The Ileach

The Ileach: Peated Islay (Scottish Islay Single Malt Whisky: No age statement: 40% ABV)

Visual: Very deep burnished gold.

Viscosity: Many very slow, very thin streaks.

Nose: Peat. Smoked beef. Thick. Warm hot cross buns and butter. Smooth. Light oak. Water opens to more medicinal and salt touched.

Body: Smooth. Vanilla and caramel. Rising into salt and more medicinal. Rapidly becomes thick and full from a light start. Milky chocolate. Fish oil. Water lowers the intensity, treacle cake comes out and toffee.

Finish: Medicinal. Vanilla custard and toffee. Malt chocolate. Smoke. Dried beef. Dry oak. Salt. Hot cross buns.

Conclusion: Now, this is a complex progression, from a young and energetic whisky. Let’s start in the middle and work outwards from there – it will let us start at the core of the issue.

That first sip comes in smooth, I’d expected heavier – everything leading up to it had shouted heavier. But that first sip was thick, slick and smooth. Just a mix of vanilla and caramel, with no hint of alcohol intensity. I was quite taken aback, and considered this oddity as I held it on my tongue. It was almost too light, like the whisky had been chilled – even though it hadn’t. Then the hidden cobra bite reared its head.

Warmth hit, half way between medicinal and alcohol heat. Salt rose up, the whisky filling the mouth, stinging it. Now far more intense than any hints from before.

Then you swallow, and it drifts away, leaving a medicinal touched, but smooth and sweet backed finish. Here it is exactly at the initial expectations, with no sign of the intense war before.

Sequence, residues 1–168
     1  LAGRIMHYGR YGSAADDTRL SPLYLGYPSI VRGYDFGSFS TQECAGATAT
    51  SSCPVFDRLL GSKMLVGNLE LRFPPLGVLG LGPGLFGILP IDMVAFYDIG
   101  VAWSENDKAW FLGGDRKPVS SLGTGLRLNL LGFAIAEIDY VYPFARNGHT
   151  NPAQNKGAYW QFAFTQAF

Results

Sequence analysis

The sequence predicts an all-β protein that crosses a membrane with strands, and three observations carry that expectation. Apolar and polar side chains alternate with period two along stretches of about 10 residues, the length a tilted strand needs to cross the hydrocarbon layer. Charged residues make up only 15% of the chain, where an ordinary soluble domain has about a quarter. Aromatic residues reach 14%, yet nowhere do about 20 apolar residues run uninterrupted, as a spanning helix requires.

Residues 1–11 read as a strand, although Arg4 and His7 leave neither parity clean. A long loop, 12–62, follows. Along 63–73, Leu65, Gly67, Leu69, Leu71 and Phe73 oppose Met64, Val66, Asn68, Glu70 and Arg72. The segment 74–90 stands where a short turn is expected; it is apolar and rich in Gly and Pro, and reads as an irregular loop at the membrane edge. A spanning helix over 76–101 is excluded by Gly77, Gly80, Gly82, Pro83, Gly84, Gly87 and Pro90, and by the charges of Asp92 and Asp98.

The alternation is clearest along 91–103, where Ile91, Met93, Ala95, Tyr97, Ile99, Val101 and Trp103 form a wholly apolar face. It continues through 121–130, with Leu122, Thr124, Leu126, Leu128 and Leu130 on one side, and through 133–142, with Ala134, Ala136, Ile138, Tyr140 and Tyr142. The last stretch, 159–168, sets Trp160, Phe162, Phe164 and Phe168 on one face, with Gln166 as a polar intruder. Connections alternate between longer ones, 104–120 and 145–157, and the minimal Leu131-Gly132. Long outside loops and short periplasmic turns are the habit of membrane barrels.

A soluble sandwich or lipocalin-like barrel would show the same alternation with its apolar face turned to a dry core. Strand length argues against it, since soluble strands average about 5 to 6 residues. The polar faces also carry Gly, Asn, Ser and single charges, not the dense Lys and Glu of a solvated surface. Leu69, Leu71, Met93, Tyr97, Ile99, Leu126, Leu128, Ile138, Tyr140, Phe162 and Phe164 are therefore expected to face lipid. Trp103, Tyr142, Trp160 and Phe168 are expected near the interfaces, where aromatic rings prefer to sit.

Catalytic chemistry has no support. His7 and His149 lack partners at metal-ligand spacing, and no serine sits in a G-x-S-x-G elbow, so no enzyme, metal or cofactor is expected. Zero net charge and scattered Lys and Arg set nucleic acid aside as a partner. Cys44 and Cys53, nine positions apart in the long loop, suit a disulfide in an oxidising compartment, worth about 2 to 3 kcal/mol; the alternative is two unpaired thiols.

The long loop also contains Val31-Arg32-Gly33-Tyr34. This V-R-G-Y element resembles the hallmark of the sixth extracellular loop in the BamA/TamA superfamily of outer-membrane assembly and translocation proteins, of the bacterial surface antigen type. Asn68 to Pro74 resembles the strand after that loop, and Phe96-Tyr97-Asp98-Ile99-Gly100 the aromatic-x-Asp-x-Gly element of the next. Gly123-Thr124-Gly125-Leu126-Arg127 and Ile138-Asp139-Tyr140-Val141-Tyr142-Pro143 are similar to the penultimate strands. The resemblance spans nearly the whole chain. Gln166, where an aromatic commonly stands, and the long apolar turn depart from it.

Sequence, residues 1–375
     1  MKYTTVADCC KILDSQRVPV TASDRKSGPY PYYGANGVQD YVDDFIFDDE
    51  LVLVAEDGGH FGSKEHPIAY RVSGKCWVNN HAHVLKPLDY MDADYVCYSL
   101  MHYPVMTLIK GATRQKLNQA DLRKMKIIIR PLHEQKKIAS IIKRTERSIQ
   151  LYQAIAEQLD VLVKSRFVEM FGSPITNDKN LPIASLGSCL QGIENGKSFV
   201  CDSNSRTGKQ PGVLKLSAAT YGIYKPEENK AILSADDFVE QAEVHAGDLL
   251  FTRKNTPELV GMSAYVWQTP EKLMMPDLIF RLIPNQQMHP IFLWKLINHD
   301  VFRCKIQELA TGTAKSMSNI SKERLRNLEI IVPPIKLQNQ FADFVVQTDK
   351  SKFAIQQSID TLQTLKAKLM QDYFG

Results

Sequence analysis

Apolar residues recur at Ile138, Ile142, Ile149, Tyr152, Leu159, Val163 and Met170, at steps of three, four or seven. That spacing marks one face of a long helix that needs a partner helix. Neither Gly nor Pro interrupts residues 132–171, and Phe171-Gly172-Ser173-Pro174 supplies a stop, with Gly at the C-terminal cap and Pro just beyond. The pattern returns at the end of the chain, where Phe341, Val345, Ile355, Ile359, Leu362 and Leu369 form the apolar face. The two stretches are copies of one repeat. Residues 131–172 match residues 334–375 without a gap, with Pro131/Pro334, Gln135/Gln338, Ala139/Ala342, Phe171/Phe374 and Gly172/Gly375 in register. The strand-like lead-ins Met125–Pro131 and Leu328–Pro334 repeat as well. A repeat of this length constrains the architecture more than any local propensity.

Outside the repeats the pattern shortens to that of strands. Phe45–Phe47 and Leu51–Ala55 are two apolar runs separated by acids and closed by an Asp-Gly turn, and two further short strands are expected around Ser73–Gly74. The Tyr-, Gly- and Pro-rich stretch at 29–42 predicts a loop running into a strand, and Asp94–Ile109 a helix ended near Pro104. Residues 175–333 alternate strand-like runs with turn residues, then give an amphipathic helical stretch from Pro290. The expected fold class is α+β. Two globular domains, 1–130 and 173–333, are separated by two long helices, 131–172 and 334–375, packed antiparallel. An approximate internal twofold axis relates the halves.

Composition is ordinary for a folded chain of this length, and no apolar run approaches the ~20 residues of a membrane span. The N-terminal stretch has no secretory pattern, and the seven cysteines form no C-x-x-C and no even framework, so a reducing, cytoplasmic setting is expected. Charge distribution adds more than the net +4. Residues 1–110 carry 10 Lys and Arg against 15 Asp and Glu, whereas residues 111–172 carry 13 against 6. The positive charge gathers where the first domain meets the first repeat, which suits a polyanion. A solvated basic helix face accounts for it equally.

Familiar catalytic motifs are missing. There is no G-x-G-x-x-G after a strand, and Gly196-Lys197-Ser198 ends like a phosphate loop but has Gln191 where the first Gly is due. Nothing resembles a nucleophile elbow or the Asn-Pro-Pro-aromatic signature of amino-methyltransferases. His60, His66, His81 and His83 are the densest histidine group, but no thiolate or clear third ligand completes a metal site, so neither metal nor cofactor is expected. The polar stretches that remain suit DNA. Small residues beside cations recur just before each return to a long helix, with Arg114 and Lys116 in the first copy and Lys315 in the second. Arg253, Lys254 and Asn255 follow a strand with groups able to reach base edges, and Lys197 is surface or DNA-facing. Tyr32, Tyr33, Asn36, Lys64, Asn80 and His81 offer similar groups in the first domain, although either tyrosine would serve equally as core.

Now, with that said, lets go back to the aroma leading up to that. The aroma that didn’t warn me of what was to come. It was big, chewy and beefy, it promised a strong tasting whisky, but not so intense progression, it promised the Islay character would be offset by sweet hot cross buns.

Then, of course the main body intensity hit. I’m unsure if I’m disappointed that water smoothes that huge impact out – with water it manages to create a mid point between the initial smoothness and intense progression, to create a well crafted salt and sweet Islay character. It is more proficient like that, but that great progression unleashed was what grabbed me straight out with this whisky and I’m sad to see it go.

Any which way this is a big whisky, matching that hot cross bun sweetness with Islay salt. This is very nicely done, very intense whisky. No tricks or gimmicks, but straight up quality.

very nice.

Background: An Islay single malt from an unnamed distillery, apparently bottled quite young, and available at a quite cheap price. The thing has a quite good reputation, so I grabbed a mini from Independent Spirit to give a try. Drunk while listening to the more recent Spektrmodule podcasts, as they make nice, non intrusive backgrounds for some whisky contemplation.